Thanksgiving is past but we have leftovers in the refrigerator—-so no cooking or much thought about evening meals for several days.
Thanksgiving is always a time of excess—so much food, so many special treats, and cherished time with family.
My mother always made several pies–pumpkin, blueberry, apple. Olives were a special treat for us. And then there were the butter mints and Spanish peanuts served in a divided pressed glass dish—I have that dish and bring it out for special meals. My aunt made a cake–putting a cake made in an angel food cake pan on top of a regular cake—it was my grandparents’ birthday—no candles—but we all knew it was for them.
There was always the argument over who got the stuffing from inside the bird versus outside– and the long discussion about seating arrangements—several smaller people had to sit on the piano bench while chairs were brought from other rooms and put into use.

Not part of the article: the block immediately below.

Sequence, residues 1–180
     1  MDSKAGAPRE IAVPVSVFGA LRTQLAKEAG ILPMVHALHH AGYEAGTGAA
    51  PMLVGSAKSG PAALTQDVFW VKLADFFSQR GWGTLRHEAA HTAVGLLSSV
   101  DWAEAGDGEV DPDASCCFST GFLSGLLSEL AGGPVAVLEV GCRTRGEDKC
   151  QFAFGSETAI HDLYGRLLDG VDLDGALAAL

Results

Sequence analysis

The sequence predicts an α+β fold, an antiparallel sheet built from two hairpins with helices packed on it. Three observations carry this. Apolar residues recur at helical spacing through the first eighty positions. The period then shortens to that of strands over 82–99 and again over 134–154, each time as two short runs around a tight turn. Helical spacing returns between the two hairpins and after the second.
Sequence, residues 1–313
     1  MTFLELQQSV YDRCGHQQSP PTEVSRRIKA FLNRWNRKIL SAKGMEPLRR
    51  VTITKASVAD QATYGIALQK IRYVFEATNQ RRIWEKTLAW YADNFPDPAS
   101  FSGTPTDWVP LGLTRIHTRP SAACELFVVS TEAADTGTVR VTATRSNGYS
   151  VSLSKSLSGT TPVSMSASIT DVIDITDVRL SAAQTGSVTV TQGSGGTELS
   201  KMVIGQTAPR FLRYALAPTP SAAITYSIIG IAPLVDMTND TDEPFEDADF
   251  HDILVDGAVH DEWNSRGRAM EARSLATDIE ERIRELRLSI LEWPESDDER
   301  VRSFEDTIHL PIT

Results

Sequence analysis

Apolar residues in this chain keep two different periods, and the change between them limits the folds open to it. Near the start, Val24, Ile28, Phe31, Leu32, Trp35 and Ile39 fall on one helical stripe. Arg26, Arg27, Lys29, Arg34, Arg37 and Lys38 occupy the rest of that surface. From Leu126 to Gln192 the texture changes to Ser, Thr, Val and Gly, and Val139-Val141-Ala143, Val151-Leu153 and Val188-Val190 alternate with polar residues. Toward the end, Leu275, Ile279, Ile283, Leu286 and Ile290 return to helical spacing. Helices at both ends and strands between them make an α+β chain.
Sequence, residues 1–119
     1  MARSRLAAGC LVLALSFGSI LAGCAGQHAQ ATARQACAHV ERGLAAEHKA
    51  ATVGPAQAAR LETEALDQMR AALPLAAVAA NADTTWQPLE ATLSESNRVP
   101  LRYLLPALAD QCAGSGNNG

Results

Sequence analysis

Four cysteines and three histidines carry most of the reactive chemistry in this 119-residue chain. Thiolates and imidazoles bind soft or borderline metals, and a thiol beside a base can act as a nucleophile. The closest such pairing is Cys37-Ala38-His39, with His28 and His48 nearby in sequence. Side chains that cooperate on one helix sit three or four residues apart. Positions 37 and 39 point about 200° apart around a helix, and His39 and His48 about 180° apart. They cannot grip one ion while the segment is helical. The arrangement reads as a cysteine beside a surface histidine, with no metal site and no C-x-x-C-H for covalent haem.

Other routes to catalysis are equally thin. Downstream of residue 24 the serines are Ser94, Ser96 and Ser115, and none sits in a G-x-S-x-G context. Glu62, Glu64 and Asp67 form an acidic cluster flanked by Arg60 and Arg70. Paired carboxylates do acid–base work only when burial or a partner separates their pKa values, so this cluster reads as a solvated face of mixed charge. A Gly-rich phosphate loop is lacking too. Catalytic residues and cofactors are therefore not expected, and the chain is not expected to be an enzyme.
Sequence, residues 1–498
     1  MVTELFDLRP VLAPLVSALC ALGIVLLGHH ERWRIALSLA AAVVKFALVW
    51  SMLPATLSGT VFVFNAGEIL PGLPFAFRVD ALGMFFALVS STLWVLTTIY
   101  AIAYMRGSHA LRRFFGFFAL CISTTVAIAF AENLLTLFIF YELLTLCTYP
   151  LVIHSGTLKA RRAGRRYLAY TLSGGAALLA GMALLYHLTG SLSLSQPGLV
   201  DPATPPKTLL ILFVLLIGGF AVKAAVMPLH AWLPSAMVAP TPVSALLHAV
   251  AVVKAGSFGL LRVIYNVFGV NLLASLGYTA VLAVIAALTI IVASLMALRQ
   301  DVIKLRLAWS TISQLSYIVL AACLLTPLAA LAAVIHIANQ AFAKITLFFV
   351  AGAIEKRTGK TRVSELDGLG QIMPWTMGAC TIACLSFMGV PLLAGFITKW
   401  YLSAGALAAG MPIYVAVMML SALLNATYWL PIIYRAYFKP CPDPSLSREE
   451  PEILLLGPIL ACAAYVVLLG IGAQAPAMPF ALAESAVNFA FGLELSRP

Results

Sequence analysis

My husband’s family served up an elegant meal with my mother-in-law hand-washing the crystal chandelier. His father carved the turkey with great ceremony with elk horn knife and fork from Scotland; raw cranberry sauce made the day before was traditional. The molded lime green jello salad with cottage cheese and pineapple was stored on top of the car in the garage.
But that is all past—and now we are the older generation.
Thanksgiving day was really dreadful–rain, cold—and we opted to not drive in that weather. It is not unusual for us to alter the celebration of a holiday—my work usually involved working holidays.
We had made our pies and stored them in the oven–safe from Toby and Dora.